Remembering Jim Foley
My dear friend Jim Foley, the American journalist brutally executed by the Islamic State this week, was one of the kindest and most caring people I’ve ever worked with. In the often competitive and macho world of war reporting, Jim stood out with his humbleness, his compassion, and his deeply collegial nature.
Jim Foley came into my life during the 2011 Libyan uprising against Muammar Gaddafi, when he and three other journalists were captured by Gaddafi’s army and disappeared. I made the first agonizing calls to their families to inform them of what had happened. In the weeks that followed, I joined the tireless efforts of their families, colleagues, and friends to try to locate them and get them home.
When Jim and two of the other journalists were eventually released, we tragically learned that one of the four, the South African journalist Anton Hammerl, had been shot during their capture, and left to bleed to death in the desert. Despite extensive attempts, his body was never found, buried in an anonymous grave.
Following his release, Jim and I became fast friends, celebrating his freedom with his many friends at the Half King Cafe in New York, a traditional journalist hang-out. Jim was very grateful for all of the efforts to get him released, but made it clear that despite his family’s reservations, he intended to return to war reporting after spending some time recovering at home.
In October of that year, Jim joined me on a mission for Human Rights Watch to Sirte, the Libyan city where the final battle of the 2011 war was unfolding. It was a brutal fight, and we spent our first night sleeping rough side-by-side in a metal shipping container, as powerful GRAD rockets fired by the rebels flew overhead and impacted nearby, constantly shaking the ground under us. The next morning, we found ourselves on the front lines to witness the end of that war, with rebels all around us breaking out in tears and joy at the end of their ordeal.
Amidst all the madness, Jim just kept filming and working, never losing his cool. All those hard days and nights, I never heard a single word of complaint from Jim. Whatever hardship presented itself, he just accepted it and kept going. The night of Gaddafi’s death, while everyone else was trying to get an iconic picture of Muammar and his son, Mutassim, lying dead in a nearby house, Jim spent the evening helping a colleague get the only footage of Muammar’s capture out, filmed by a rebel on his mobile phone, spending hours reducing the files and sending them out over the slow internet connection.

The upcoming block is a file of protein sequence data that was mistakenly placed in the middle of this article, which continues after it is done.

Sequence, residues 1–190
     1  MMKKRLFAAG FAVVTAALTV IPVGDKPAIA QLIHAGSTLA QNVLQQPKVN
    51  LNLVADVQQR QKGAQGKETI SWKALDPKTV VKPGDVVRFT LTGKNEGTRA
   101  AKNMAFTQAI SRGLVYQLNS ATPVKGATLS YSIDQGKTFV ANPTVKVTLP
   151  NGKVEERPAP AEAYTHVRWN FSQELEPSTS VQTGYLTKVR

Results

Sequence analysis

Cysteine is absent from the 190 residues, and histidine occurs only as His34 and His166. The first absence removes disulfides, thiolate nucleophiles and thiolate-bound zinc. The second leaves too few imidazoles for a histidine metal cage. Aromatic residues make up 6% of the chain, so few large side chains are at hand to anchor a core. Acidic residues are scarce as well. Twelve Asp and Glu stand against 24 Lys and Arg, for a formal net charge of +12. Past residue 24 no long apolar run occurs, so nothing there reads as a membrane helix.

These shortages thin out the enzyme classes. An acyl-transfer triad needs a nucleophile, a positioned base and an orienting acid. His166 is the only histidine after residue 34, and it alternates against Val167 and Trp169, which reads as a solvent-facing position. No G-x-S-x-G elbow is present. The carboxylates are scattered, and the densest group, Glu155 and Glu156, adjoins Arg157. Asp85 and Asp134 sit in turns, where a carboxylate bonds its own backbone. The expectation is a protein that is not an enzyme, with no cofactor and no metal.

Jim wasn’t the kind of journalist who flew in, filed a few stories, and flew out. When Jim went in, he wanted to live with the local people, share their suffering, and tell their stories. He would commit months to different places, traveling around with local taxis and making local friends. As a former teacher, Jim knew how to connect with people: he could deescalate the wildest of situations and always seemed able to win the trust of those who mattered.
That is what it takes for the rest of the world to know what is happening in places like Libya, Syria, and Iraq: people like Jim must take the calculated risk to go there and document and report what is happening. Without courageous and dedicated people like Jim, our world would be a much less informed place.
And then, nearly two years ago, in the early days of the Syrian conflict, Jim disappeared one day. A group of men stopped his taxi near the town of Binnish, grabbed him, and told the taxi to keep going. His colleagues at the Global Post and his friends and family scrambled to find out what happened and to try and locate him. They followed up on every lead, however improbable, and despaired as trail after trail grew cold. For months, then years, there was nothing but rumors, not a single sign of life. He literally just disappeared.
I wish there was no video showing his brutal execution to haunt his family and friends forever. It is unbearable to think of Jim’s final terror-filled moments, designed by the Islamic State to horrify us all. It is unbearable to think that there are still other hostages in the hands of the Islamic State, hostages kept for the same purpose. It is unbearable to think of the hundreds of mostly nameless Iraqis and Syrians who have suffered the same fate as Jim at the hands of the Islamic State, but Jim would want us to think of them.
Goodbye, dear Jim, and we will remember you for the beauty of your life well lived and not its brutal end.
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